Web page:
South Carolina Covid-19 Vaccine: Status Update

Breaking down the numbers …

Over the last few days, our social media feeds have been littered with pictures of South Carolinians who traveled to neighboring Florida, Georgia or North Carolina to receive their first Covid-19 vaccination shots. Why make the trip? Because in each of these states, adults over the age of 65 are eligible to receive vaccinations – whereas in South Carolina the vaccine registry remains limited to adults over the age of 70.

Palmetto State residents aged 65-69 are unlikely to be eligible to register to receive their vaccinations until sometime in the spring …

Why is South Carolina always behind the curve (aside from a pervasive, perpetual lack of leadership)?

As we have previously reported (most recently here), the Palmetto State has consistently ranked last in the nation in vaccines received from the federal government as part of former U.S. president Donald Trump’s “Operation Warp Speed.”

That remains the case today …

As of January 31, 2021, South Carolina had received a modest 10,879 doses for every 100,000 of its citizens according to the latest data from the U.S. Centers for Disease Control and Prevention (CDC). Once again, that figure ranks last among the nation’s fifty states.

When it comes to doses administered per 100,000 citizens, however, the Palmetto State has shown dramatic improvement in recent weeks. As of January 31, the state had administered 8,537 doses per 100,000 citizens – which ranked No. 33 nationally.

When we first began tracking this metric, South Carolina ranked No. 48 nationally in this metric.

Given the low number of doses distributed to the state, that is an impressive turnaround. In fact, South Carolina has actually administered a higher number of vaccines per 100,000 citizens than neighboring Georgia (8,535) – even though the Peach State has received significantly more doses (13,655) per 100,000 than the Palmetto State.

Also, as we previously reported, more vaccines are on the way …



While Covid-19 is still dangerous – especially its newer, more contagious strains – the good news is that cases have been on a steady decline in recent weeks. After reaching a new record-high of 6,113 confirmed cases on January 8 – and seeing the state’s seven-day moving average climb above 5,000 for three days last month – South Carolina enters February with a seven-day moving average of 3,201 cases, according to the latest data from the much-maligned S.C. Department of Health and Environmental Control (SCDHEC).

That is still an elevated daily case total, but the dreaded holiday spike appears to have run its course …

More encouraging, hospitalizations related to the virus – which hit a record-high of 2,466 on January 13 – have fallen by a whopping 25.3 percent over the last two-and-a-half weeks to 1,841. Intensive care unit hospitalizations related to the virus – which peaked at 495 on January 17 – have dipped 16.5 percent to 413. And the total number of patients with Covid-19 who are on ventilators currently stands at 261 – down 17.7 percent from its peak of 317 on January 18.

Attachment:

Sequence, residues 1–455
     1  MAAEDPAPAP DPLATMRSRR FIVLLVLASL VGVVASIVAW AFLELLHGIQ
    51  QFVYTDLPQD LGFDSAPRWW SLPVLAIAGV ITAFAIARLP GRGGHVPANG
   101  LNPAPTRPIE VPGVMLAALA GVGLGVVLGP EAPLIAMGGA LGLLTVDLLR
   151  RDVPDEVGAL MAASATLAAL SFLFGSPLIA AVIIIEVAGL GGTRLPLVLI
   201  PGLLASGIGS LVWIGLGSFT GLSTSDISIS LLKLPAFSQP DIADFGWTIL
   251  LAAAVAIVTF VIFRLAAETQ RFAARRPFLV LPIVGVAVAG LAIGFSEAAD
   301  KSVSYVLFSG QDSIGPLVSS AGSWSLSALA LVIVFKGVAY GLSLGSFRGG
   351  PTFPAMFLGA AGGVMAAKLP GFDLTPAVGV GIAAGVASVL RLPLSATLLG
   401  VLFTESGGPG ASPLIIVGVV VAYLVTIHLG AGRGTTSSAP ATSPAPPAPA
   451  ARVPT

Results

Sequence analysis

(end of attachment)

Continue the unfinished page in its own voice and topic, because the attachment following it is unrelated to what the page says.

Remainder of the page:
Unfortunately, many of those patients succumbed to the virus and/ or its attendant comorbidities.

According to SCDHEC, a total of 7,042 South Carolinians have died with Covid-19 since the state began keeping records back in March. The death toll – which has climbed precipitously in recent weeks – is expected to hit 9,340 by May 1, 2021, according to the latest projections from the Institute for Health Metrics and Evaluation (IHME) in Seattle, Washington.

Still, South Carolina’s case fatality rate associated with Covid-19 stands at 1.6 percent – tied for its lowest level since the first wave of the virus hit last spring. Nationally, the case fatality rate stands at 1.7 percent – which is also tied for its lowest level since last spring.

As it has from the beginning, Covid-19 is targeting older South Carolinians almost exclusively. According to SCDHEC, 37.9 percent of those who have died with the virus are over 81 years of age – while 68.7 percent are over the age of 71 and 87.6 percent are over the age of 61.

Conversely, only 4.2 percent of those who have died with Covid-19 are under the age of fifty and only 1.3 percent are under the age of forty.

Again, we do not raise these numbers in an effort to assign a value to one life over another – but rather to provide context for risk (especially the risk of reengaging draconian shutdowns of our society).

Which reminds us, for a separate discussion of the risks associated with keeping the state’s schools open … click here.

Bottom line? While the new strains of Covid-19 are clearly cause for concern, the overall situation related to the virus South Carolina (and across the nation) is showing signs of improvement … and while the Palmetto State still trails the rest of the nation in receiving vaccines, it has stepped up its administration of doses.



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Will Folks

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